On Nov. 4, 2008, the day the nation elected its first black president, the U.S. Court of Appeals for the Federal Circuit decided the case Rothe Development Corp. v. Department of Defense, ruling unconstitutional a minority contracting program authorized under Section 1207 of the Department of Defense Authorization Act of 1987. The impact of the decision on future minority contracting programs was the topic of a Congressional Black Congress Foundation brain trust session on Thursday, during which experts discussed strategies to prevent future such decisions.
Under the program, DOD could apply a 10% price evaluation adjustment to bids or offers from socially and economically disadvantaged businesses (SDBs) to help further the department’s goal of awarding five percent of its contract dollars to SDBs and similar businesses.
The court decided that Congress didn’t have sufficient evidence to conclude that there was racial discrimination in defense contracting when the program was reauthorized in 2006. In addition, the department had to discontinue programs that the same statute allowed it to fund grants to Historically Black Colleges and Universities and minority serving institutions for math, science and research initiatives, because Rothe cleverly argued that they too, were unconstitutional. It’s is an isolated situation, but is still a reason for great concern, said moderator Anthony Robinson, who heads the Minority Business Legal Defense and Educational Fund (MBELDEF).
“The economy is growing increasingly dependent on research and technology development. Our young folks at these institutions aren’t getting exposure to technologies as they get developed, which is impairing them as they get into the workforce,” Robinson noted at the CBCF’s 39th Annual Legistlative Conference.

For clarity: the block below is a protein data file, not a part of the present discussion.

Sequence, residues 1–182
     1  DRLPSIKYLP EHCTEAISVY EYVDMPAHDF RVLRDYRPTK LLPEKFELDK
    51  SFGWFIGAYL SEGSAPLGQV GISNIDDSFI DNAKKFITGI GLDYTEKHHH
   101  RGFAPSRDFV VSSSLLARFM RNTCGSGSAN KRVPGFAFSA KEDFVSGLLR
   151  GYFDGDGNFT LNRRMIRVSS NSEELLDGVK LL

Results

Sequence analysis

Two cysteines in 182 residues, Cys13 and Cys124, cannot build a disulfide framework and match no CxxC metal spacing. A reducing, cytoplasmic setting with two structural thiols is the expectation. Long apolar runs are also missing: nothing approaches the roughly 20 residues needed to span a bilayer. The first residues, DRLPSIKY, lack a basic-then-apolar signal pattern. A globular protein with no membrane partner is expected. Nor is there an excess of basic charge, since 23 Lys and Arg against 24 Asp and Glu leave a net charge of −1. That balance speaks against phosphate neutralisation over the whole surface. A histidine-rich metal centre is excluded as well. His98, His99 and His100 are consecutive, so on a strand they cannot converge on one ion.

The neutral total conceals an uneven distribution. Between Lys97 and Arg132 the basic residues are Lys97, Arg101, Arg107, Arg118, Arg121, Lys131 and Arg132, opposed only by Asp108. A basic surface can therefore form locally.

Although the court ruled against a major program for minorities, explained civil rights attorney Sarah von der Lippe, it’s important to remember that it also made clear that these programs are still constitutional when there is appropriate evidence available to defend them.
But, she added, it would be perilous for minority businesses to act as though there won’t be future challenges to other SDB programs.
To fight these kinds of decisions and win in the future, von der Lippe said, minority businesses and their advocates “are going to have to do is get comfortable again talking about the D word—discrimination.” People have gotten messaged into a corner, using terms like barriers and disparities instead so white people don’t get nervous, which she says is a bad move.
“We have to start talking about discrimination because, frankly, it’s the only thing courts are going to listen to,” von der Lippe explained. And it’s extremely important to build record of evidence that can be used as a defense against challenges to minority contracting programs.
Michael Jones-Bey, executive director of the Division of Minority and Women’s Business Development for the State of New York, said that he has had great difficulty finding people to testify or submit accounts of discrimination.
“I don’t understand that because if you’re not getting the business anyway, what are you afraid of?” he asked. “We can’t provide the necessary predicate if we can’t get real-life stories.”